AI diagnostics are coming

#artificialintelligence

Earlier this year, artificial intelligence scientist Sebastian Thrun and colleagues at Stanford University demonstrated that a "deep learning" algorithm was capable of diagnosing potentially cancerous skin lesions as accurately as a board-certified dermatologist. Unlike more-traditional vision software, where a programmer defines rules--for example, a stop sign has eight sides--in deep learning the algorithm finds the rules itself, but often without leaving an audit trail to explain its decisions. The FDA required Arterys to do extensive testing to make sure the results from its algorithm were on par with those generated by physicians. These covered 2,032 different diseases and included 1,942 images of confirmed skin cancers.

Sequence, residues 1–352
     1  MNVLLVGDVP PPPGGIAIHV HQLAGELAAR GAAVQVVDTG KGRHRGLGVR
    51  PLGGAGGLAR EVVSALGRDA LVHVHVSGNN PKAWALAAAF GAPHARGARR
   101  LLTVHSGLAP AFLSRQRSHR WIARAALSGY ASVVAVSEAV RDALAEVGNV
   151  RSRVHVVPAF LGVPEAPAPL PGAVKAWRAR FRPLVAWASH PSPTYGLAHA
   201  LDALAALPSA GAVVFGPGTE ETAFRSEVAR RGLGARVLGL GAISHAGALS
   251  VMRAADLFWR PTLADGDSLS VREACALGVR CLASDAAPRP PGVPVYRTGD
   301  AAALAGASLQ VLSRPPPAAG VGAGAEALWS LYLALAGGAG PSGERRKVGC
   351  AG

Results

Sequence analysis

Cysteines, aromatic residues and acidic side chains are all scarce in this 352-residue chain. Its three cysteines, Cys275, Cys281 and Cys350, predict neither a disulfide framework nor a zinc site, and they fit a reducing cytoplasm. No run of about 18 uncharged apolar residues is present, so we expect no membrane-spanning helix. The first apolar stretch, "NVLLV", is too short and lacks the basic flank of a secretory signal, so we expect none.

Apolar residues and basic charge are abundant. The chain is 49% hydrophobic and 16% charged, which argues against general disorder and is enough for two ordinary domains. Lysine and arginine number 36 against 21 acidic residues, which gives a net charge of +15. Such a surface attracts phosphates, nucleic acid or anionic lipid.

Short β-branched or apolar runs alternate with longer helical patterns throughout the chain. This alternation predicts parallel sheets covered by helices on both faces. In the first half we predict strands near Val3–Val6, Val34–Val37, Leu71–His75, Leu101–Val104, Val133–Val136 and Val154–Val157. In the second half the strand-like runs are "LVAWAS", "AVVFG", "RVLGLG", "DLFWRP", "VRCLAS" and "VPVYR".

First FDA Approval For Clinical Cloud-Based Deep Learning In Healthcare

#artificialintelligence

The first FDA approval for a machine learning application to be used in a clinical setting is a big step forward for AI and machine learning in healthcare and industry as a whole. Arterys's medical imaging platform has been approved to be put into use to help doctors diagnose heart problems. It uses a self-teaching artificial neural network which has learned from 1,000 cases so far, and will continue to improve its knowledge and understanding of how the heart works with each new case it examines. In order to be approved by the US Food and Drug Administration (FDA), it had to pass tests to show it can produce results at least as accurately as humans are currently able to. The key difference though is that Arterys takes an average of 15 seconds to produce a result for one case, which a professional human analyst would expect to spend between 30 minutes to an hour working on.


Flipboard on Flipboard

#artificialintelligence